I was told at Sunday School that “God is everywhere”, and though I stopped believing that at around the same time I stopped believing anything else I was told, I learnt on a short trip to the US South last week where the phrase came from. There’s just no escaping the entity down there. “They’re commandments, not suggestions!” a reproachful sign in Mount Airy, NC, informed us. This was a sign at a petrol station. “Fear of God is the only path to wisdom!” barked an apparently very angry preacher on the radio. GDS ARMY read a number plate on a pick-up truck in Roanoake, Virginia (Great Deity in the Sky?). In a restaurant in Asheville, Tiger Woods appeared on a TV screen, prompting a man at our neighbouring table to remark, “That man’s gotten lost on the way to heaven.” Though looking at some of the women he’s been involved with, you might argue that he’s been there and back already.
Christian morals don’t necessarily mean Christian behaviour. I was idling along the I-40 just before Hickory, NC, cruising in the fast lane on a perfectly clear day, driving in a perfectly safe manner, when I passed a state trooper. Yes, I overtook a cop. Yes, I am that stupid. Though I should add that I was going at about 65.1 miles per hour in a 65 mile per hour zone, and by the time I saw him hidden in the line of traffic, it seemed too obvious to slow down and pull in behind him. So I drove carefully past, moved in ahead of him after indicating, and at that point state trooper Christiansen of F Troop, District 5, North Carolina, excitedly activated his flashing lights and pulled me over. Then he kept me and the family waiting for 25 minutes while he returned to his vehicle to write me out a ticket (I have a long surname).
It wasn’t the $25 fine that bothered me, it was the $130 “court costs” that he slapped on top. Out of state number plates are an easy revenue-raiser, because state trooper Christiansen of F Troop, District 5, North Carolina, knows as well as I do that I’m not going to show up in court on March 19 in Newton District Court, six hours drive away from home, to contest the fact that I was speeding. We all know you shouldn’t get smart with cops, because while you are undoubtedly smarter than them (even idiots like me who overtake them), they have several ways of compensating for their stupidity, most of them involving guns, electronic stun-sticks, handcuffs, lies and cold cells with hard stone floors. So it was probably good that by the time I’d taken in the enormity of the fine, he was striding back to his car, and therefore I didn’t have the opportunity to congratulate him on his fabulous detective work and his incredible, crime-cracking acuity at hunting down a hardened felon like myself, accident-free in almost 30 years of driving but surely about to cause a multiple-car pile-up if not for state trooper Christiansen’s absolutely brilliant intervention.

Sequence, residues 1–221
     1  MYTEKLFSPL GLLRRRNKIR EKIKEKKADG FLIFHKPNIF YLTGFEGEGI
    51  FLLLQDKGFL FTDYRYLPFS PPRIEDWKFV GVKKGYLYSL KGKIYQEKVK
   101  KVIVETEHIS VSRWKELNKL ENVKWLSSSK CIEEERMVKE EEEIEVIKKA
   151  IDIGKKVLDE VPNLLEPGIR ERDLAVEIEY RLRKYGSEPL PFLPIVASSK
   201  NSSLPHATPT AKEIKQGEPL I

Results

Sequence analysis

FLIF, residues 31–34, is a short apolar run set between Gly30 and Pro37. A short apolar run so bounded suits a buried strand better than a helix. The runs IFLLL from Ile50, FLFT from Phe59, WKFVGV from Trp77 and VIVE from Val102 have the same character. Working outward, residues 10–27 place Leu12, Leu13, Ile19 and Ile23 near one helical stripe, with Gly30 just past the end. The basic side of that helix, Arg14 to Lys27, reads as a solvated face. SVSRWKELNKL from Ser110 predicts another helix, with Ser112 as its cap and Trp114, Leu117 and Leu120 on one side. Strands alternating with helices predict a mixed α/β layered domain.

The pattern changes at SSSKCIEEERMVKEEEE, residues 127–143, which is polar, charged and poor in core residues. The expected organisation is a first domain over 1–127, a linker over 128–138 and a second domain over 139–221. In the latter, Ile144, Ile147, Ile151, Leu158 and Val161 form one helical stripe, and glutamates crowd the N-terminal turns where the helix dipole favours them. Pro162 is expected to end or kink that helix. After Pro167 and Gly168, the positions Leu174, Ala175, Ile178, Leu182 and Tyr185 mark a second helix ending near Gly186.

Or to say to him, “Goodbye state trooper Christiansen, and as we like to say in Germany, Geh ficken, Du doughnutfressendes Arschloch!” (translation: drive safely, and I hope you enjoy your lunch).